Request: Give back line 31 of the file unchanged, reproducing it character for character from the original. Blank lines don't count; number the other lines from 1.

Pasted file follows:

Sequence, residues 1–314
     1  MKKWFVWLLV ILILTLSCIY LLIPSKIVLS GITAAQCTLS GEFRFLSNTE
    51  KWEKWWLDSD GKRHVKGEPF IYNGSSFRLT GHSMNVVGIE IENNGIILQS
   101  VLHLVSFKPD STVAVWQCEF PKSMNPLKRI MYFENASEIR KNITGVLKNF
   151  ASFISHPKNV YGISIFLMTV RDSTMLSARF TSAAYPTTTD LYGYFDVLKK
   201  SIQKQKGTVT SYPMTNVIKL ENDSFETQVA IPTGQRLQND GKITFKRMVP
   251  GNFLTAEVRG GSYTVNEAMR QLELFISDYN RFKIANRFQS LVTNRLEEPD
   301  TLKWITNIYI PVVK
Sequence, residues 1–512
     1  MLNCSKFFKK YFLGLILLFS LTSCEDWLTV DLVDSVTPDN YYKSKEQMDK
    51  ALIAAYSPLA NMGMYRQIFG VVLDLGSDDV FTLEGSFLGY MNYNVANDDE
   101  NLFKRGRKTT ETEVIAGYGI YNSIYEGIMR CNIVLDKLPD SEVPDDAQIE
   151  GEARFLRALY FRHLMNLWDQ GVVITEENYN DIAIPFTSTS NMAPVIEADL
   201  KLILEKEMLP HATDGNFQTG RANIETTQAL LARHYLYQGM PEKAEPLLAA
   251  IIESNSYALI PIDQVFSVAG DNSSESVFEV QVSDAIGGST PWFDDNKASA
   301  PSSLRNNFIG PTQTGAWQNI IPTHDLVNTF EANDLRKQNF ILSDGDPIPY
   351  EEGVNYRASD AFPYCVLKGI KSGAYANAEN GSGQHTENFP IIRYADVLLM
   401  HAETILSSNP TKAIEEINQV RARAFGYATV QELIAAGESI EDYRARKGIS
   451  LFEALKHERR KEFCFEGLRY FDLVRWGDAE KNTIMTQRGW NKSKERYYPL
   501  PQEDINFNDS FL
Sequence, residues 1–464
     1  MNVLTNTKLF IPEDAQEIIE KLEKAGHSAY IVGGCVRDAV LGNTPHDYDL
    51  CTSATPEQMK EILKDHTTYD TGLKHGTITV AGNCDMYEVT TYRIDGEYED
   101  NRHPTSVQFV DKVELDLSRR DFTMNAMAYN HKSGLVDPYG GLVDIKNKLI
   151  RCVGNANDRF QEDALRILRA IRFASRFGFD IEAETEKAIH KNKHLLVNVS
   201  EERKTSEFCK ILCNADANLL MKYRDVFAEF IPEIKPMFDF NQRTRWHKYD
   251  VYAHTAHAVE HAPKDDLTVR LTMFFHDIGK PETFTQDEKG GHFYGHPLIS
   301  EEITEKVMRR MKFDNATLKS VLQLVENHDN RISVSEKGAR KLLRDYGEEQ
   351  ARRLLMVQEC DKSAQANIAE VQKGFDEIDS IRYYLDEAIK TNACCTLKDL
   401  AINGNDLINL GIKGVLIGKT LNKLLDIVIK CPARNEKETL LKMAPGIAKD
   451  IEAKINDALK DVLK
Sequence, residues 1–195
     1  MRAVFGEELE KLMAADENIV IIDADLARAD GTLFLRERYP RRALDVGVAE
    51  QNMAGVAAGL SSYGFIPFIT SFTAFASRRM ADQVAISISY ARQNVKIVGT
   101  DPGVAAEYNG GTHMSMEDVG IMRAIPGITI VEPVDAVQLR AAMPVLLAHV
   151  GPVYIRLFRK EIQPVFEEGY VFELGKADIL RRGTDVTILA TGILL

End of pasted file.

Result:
   451  IEAKINDALK DVLK